When the European Union imposed temporary sanctions on Russia over the annexation of Crimea, the “temporary” was seen by most as empty. With no real chance of Russia leaving the Crimea and the EU unified in being super outraged about that, the belief was that the sanctions would keep getting extended more or less forever, in keeping with the “new Cold War” mentality.
That’s not how it’s turning out, however, as negotiations on the latest extension are facing a major backlash across Central and Eastern Europe, as several nations express opposition to keeping the sanctions in place, and some are openly talking about a rapprochement.
Western European nations don’t seem to get it, since they weren’t trading much with Russia in the first place, but the prospect of “forever” sanctions are wearing thin on many, with Austrian FM Sebastian Kurz saying he opposed any extension of sanctions longer than six months, and thought the time was nearing to start phasing them out.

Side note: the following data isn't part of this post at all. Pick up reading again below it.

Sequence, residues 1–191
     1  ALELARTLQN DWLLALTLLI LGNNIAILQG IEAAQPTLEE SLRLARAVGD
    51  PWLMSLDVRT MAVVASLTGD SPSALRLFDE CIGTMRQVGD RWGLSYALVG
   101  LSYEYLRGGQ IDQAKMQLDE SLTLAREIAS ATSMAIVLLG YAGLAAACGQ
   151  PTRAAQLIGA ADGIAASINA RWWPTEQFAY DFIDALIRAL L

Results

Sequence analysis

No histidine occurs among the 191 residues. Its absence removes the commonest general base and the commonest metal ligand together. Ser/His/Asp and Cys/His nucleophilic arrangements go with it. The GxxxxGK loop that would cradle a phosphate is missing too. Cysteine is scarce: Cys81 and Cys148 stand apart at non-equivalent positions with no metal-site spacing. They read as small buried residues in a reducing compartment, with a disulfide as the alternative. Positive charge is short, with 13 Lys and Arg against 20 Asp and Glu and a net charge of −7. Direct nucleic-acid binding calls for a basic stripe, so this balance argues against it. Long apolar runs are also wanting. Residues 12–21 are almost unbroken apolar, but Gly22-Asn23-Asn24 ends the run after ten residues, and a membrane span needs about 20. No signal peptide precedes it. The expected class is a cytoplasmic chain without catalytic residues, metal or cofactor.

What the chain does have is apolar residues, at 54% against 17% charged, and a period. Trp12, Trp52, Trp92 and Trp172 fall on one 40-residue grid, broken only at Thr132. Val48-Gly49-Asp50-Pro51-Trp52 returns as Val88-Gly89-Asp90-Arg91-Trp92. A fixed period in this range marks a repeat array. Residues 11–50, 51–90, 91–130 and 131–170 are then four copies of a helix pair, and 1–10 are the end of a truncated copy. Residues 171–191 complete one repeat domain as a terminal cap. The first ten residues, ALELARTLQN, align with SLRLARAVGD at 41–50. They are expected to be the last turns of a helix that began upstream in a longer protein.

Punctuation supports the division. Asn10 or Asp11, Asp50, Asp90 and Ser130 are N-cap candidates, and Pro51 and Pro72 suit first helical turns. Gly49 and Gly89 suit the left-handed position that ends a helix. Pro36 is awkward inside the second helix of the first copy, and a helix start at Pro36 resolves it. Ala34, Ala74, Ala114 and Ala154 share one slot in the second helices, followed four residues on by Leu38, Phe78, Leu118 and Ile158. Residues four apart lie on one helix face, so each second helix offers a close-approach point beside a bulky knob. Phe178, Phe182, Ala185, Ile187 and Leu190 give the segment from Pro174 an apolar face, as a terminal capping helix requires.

Hungarian FM Peter Szjjarto also opposed plans from Western European powers to “automatically extend” the sanctions without debate, and German FM Frank-Walter Steinmeier insisted the sanctions must not be an “end in themselves.”
The initial imposition of sanctions was largely seen as “supporting Ukraine,” and that argument is also wearing mighty thin, as the EU pressure for Ukraine to reform its economy isn’t amounting to much, and the sense is increasingly that the situation in breakaway East Ukraine is only continuing because Ukraine is continuing it.